Hybrid Fabrics Characteristics

The term hybrid refers to a fabric that has more than one type of structural fibre in its construction. In a multi-layer laminate if the properties of more than one type of fibre are required, then it would be possible to provide this with two fabrics, each containing the fibre type needed. However, if low weight or extremely thin laminates are required, a hybrid fabric will allow the two fibres to be presented in just one layer of fabric instead of two. It would be possible in a woven hybrid to have one fibre running in the weft direction and the second fibre running in the warp direction, but it is more common to find alternating threads of each fibre in each warp/weft direction.

Although hybrids are most commonly found in 0/90° woven fabrics, the principle is also used in 0/90° stitched, unidirectional and multiaxial fabrics. The most usual hybrid combinations are Carbon/Aramid.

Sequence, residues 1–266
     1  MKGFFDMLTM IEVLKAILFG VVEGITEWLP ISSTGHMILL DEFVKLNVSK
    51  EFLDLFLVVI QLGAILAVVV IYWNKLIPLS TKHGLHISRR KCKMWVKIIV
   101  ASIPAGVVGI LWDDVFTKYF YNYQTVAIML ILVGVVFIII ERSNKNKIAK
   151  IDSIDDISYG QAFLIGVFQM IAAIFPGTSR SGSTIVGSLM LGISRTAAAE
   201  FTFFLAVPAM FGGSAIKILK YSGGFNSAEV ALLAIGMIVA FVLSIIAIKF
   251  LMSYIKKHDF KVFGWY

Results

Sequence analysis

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Benefits of Using Carbon and Aramid as Hybrid

Carbon

  • Highest modulus and strength of all reinforcing fibers.
  • Greatest stiffness-to-weight ratio.
  • Typically used for high-performance applications.

Aramid

  • High tensile strength-to-weight ratio.
  • High strength and modulus.

Carbon & Aramid (Hybrid)

The high impact resistance and tensile strength of the aramid fibre combines with the high compressive and tensile strength of carbon. Both fibres have low density but relatively high cost.